Recap so far:

• Flipping the sign bit of every partial product enforces non-negative numbers by adding constants. This avoids sign extension and allows use of a narrow adder.
• Adding +1 to both the lowest and highest sign bit column causes the constants from the previous step to overflow and disappear from the result (no surprise here: The correction value is simply the two's complement of the constants added earlier)
• The final row is subtracted by inverting all active bits and adding 1 at the lowest active bit. Note, the sign bit was already inverted and is now changed back.
• Another 1 must be added at the lowest active bit of the final row as part of two's complement negation.

## All constants combined

In other words, there are two +1s in column (x) (fig. 8) that overflow into a +1 at the next higher bit. It is conveniently included by changing MSB+1 in the first row (formerly extended sign bit, see figure 4) from 0 to 1 (y). Figure 8: Calculation flow

Fig. 8 shows the flow of the calculation. Exceptions from conventional unsigned multiplication are marked. The adder requires only one bit more than the arguments.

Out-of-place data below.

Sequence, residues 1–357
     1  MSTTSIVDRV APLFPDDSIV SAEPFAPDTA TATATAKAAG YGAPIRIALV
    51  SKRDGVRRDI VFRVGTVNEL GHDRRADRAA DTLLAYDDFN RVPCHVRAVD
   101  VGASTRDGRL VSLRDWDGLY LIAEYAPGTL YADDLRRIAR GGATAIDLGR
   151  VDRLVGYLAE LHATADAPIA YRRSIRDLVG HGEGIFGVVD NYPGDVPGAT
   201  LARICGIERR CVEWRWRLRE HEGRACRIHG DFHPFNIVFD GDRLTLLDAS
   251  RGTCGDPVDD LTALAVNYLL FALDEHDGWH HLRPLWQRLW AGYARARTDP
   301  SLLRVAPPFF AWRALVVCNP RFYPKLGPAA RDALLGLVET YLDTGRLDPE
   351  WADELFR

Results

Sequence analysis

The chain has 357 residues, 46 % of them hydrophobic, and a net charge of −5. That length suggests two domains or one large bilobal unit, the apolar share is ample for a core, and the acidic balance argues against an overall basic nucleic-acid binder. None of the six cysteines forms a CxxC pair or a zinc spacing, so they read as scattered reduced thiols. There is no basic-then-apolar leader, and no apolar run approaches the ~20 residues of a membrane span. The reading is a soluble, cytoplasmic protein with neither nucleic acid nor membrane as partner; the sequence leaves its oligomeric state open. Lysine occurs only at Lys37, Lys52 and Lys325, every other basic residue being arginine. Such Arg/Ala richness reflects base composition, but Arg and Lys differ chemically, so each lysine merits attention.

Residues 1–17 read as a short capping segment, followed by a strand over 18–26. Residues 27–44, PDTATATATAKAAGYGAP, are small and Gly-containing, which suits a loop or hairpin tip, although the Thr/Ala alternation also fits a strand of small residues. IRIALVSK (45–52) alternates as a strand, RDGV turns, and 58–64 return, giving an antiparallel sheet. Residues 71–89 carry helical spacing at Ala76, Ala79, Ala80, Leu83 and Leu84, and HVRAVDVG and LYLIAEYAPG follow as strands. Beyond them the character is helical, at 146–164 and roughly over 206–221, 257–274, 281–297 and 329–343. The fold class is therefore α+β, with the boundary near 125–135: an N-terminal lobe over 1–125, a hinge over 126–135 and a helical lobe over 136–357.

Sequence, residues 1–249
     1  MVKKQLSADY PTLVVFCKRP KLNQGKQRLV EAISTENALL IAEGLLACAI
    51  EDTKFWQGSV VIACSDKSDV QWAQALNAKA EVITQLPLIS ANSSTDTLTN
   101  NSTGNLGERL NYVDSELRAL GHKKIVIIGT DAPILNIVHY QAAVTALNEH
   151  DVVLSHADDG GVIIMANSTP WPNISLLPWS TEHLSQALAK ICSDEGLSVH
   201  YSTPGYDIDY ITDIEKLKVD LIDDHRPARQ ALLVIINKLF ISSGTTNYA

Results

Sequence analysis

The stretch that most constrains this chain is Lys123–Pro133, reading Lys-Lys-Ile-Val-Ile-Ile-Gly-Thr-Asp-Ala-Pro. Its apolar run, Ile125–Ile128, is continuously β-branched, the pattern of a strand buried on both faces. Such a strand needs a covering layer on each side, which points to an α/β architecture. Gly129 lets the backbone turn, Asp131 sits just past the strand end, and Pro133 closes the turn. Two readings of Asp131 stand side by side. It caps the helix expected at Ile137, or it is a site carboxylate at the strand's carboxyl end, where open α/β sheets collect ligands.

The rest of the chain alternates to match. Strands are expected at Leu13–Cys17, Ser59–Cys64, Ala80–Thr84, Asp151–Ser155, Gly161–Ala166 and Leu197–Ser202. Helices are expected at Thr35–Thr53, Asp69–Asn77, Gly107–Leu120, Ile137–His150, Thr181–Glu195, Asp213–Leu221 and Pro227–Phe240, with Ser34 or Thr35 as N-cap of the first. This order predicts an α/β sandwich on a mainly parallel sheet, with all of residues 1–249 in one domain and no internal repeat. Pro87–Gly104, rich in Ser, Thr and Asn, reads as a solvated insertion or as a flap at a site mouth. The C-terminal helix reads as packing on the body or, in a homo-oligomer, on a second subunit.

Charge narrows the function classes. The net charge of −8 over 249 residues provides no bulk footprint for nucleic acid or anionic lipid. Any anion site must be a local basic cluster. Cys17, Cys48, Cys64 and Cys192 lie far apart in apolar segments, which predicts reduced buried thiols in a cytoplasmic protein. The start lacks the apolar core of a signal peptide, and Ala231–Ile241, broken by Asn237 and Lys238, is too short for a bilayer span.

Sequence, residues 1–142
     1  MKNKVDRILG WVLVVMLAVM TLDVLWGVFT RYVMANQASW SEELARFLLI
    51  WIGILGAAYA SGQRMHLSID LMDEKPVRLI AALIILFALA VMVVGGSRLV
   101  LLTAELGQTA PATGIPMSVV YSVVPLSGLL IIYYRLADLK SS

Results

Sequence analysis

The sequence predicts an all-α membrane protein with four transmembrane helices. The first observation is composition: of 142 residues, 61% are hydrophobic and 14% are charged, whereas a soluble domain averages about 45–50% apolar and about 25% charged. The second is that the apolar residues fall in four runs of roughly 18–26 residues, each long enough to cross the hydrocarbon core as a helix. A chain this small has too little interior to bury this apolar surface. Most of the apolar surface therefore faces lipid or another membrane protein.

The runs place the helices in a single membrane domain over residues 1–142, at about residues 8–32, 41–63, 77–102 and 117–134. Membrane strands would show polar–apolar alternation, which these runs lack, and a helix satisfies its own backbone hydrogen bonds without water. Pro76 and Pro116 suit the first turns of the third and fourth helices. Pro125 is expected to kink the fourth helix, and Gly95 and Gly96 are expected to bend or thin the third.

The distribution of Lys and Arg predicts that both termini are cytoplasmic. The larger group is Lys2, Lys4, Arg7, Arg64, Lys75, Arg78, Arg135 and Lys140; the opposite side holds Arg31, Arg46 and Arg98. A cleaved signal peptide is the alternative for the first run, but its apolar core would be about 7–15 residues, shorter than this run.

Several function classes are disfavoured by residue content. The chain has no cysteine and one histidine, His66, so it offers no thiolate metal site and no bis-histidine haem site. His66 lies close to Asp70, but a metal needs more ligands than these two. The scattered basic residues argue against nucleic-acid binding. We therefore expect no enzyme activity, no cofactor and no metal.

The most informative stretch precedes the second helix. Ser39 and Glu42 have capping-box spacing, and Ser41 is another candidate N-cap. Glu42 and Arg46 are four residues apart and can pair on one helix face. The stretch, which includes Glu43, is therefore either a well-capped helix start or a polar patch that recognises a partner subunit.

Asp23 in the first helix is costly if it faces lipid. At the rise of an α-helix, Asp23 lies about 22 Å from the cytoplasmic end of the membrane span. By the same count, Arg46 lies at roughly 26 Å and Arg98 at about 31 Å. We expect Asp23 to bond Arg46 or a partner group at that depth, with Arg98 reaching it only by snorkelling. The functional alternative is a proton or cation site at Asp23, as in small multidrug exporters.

A Verilog implementation is included (links at bottom) that implements signed-signed multiplication as discussed. The bit width is parametrized, must be 3 or higher.
There is a testbench that exercises all possible input values. Note that the multiplier should work for any bit width, but exhaustive simulation for wide signals gets prohibitively slow.

Simulation with iverilog:
iverilog -DSK61LIB_INCLUDES -g2005 -Wall -o tmp tb_mul.v
vvp tmp -lxt2
The code works on ISIM from Xilinx ISE 14.7 webedition.
A quick synthesis trial on a Spartan 6-slx9 with a PN source gave 159 MHz as maximum clock speed. Using two separate adders instead of muxing one (see comments in code) raises this to 237 MHz but uses more slices. If speed is not an issue, try a different FSM encoding for state (i.e. "compact") for a slightly smaller design.

'x' assignments are used diligently as they make simulation results more readable, support optimization and help to spot conceptual errors (fig. 9).
For a bit width of n, execution takes n+2 cycles. This could be improved to n or even n-1 by using more complex control logic. The main "selling arguments" for the implementation as it is are maximum clock speed and simplicity. Figure 9: Simulation

## References